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Jerry Dyer’s COVID-19 case be a lesson: Avoid social gatherings In Let Fresno Mayor-elect

Jerry Dyer’s COVID-19 case be a lesson: Avoid social gatherings

It was the presidential Election Night and politically inclined friends and colleagues wanted to share the big event.

That is how Fresno Mayor-elect Jerry Dyer came to be with county Supervisor Steve Brandau, Fresno City Councilman Mike Karbassi and Lee Brand, Fresno’s current mayor. They gathered to watch the returns at a local home.

Frankly, it was more shocking that neither Karbassi nor Brand were similarly infected.

Dyer said he developed a minor cough Monday morning. By that evening he was suffering from a headache, body aches, chills and a mild fever.

However, by Tuesday he was feeling better, and believed his bout with the coronavirus would be no worse than a severe cold or case of the flu.

“I consider myself very fortunate as I know others experience severe sickness and unfortunately, death,” he said.

Dyer will self-quarantine under the guidance of the county public health department.

And, hopefully, the gregarious Dyer will have learned the valuable lesson that COVID-19 keeps trying to teach: Most gatherings, no matter how safe they may seem, just cannot occur, especially among those as publicly active as politicians.

“The best thing we can get out of this is a pointed lesson to be learned: no one is immune,” said Rais Vohra, the county’s interim health officer.

Vohra’s point was reinforced late Tuesday when Granville Homes President and CEO Darius Assemi said in a Facebook Live session that he, too, had come down with the virus. Assemi was also part of the Election Night dinner. Assemi is one of Fresno’s leading residential builders.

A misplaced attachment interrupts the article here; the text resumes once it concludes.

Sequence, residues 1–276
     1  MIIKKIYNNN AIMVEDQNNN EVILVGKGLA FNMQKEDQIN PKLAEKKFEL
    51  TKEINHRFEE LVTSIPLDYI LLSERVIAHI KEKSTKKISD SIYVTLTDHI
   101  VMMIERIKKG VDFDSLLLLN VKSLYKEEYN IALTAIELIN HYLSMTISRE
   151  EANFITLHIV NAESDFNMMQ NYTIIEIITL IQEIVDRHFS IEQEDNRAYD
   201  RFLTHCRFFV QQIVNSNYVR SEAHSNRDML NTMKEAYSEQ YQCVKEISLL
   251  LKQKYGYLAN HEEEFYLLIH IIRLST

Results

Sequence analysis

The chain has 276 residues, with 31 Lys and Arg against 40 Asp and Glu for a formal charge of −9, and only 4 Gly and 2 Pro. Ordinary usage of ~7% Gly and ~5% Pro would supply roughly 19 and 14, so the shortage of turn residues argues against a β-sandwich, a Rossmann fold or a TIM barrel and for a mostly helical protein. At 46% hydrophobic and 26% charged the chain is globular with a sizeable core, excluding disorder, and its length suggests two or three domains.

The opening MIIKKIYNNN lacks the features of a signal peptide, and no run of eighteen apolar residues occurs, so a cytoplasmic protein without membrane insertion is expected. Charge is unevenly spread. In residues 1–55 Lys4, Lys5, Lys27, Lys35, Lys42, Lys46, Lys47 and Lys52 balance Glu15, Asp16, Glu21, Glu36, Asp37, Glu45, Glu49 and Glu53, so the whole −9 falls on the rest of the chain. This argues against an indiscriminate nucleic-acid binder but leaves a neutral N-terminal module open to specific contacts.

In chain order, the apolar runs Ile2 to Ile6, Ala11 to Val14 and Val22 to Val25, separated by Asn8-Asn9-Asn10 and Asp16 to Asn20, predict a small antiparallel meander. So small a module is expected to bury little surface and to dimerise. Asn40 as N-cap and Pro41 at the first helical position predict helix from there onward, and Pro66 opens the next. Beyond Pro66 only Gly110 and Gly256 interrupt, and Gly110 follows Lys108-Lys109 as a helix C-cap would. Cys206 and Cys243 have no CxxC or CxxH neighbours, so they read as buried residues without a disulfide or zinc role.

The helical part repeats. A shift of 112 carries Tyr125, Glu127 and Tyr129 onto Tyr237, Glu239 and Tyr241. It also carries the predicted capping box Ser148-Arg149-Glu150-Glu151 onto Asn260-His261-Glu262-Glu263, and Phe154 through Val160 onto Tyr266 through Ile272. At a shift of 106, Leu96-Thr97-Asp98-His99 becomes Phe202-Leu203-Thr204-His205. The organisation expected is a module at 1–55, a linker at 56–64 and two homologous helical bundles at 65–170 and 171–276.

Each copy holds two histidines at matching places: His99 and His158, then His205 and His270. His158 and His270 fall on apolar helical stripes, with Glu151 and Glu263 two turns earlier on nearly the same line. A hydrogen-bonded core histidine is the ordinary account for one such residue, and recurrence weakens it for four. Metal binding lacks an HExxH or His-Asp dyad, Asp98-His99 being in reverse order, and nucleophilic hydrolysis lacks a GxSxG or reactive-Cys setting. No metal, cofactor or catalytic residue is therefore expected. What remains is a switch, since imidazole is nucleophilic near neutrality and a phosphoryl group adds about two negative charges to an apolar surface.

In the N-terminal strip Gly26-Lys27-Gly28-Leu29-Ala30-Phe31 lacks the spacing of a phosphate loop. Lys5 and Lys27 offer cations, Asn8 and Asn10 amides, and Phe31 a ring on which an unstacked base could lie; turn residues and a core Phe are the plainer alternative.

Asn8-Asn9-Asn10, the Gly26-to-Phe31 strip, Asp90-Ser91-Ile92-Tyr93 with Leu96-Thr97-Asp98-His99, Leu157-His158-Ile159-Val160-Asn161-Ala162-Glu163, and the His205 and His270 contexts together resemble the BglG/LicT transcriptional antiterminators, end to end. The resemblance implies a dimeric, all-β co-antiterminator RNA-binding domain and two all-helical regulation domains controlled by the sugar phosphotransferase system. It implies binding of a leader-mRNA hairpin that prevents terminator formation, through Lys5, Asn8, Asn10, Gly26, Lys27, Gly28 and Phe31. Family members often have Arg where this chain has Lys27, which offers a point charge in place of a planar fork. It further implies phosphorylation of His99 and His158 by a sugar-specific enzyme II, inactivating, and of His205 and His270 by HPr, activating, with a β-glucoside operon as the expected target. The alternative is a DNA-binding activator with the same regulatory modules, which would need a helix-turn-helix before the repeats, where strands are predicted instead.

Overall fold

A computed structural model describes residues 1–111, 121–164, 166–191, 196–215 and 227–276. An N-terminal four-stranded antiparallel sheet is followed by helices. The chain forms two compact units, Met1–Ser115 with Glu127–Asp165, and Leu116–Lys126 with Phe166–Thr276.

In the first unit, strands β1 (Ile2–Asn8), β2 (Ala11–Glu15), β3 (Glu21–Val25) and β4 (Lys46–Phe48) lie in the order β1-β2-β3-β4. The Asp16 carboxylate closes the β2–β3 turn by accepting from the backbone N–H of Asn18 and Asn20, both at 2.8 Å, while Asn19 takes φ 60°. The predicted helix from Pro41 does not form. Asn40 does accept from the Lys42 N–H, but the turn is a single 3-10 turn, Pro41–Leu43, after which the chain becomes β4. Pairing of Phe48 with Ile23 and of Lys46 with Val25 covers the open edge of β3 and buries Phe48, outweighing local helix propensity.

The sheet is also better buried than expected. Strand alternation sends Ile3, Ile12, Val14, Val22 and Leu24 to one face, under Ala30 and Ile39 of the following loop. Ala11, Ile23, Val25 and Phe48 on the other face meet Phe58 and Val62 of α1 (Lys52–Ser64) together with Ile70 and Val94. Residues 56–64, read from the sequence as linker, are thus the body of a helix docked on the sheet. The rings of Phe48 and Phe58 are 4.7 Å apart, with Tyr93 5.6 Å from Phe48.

Americans are weary of the public health basics — Vohra says “pandemic stamina” is needed — but they must continue to be followed if the virus is to be kept at bay until the hoped-for vaccine is ready.

Shelter at home as much as possible. If one must go out, wear a face mask and stand at least six feet from others. Wash hands frequently — soap and water work best, but sanitizer is fine in a pinch.

And do not be with someone who believes his or her personal freedoms are infringed by wearing a mask. That is a childish, self-centered attitude. For those who still cling to that notion, It’s time to grow up and face reality.


A get-together on Election Night is one thing. Fresno County public health officials are concerned about the two bigger dates coming up: Thanksgiving and Christmas.

That’s because the holidays have the potential to be superspreader events. With large gatherings of family and friends, there is greater potential for the virus to be transmitted quickly.

One holiday just past — Halloween — is being blamed for a rising number of cases in Los Angeles County. And Vohra said on Tuesday that Fresno County is lurching back toward purple status, the most restrictive in the state’s color-coded ranking system.

“This year Thanksgiving will pose a lot of risks for a lot of people,” Vohra said. His advice: “Keep it short, keep it small, and not so intimate.”

Gatherings should involve no more than three households and should be kept to two hours or less, Vohra said.

Nothing is normal in 2020. Healthy public officials get the virus — even a fitness devotee like Jerry Dyer. Holiday gatherings have to be much smaller than usual.

But failing to better manage the virus will likely mean businesses getting closed again, schools not holding classes in person, and sheltering at home even more than is done now.

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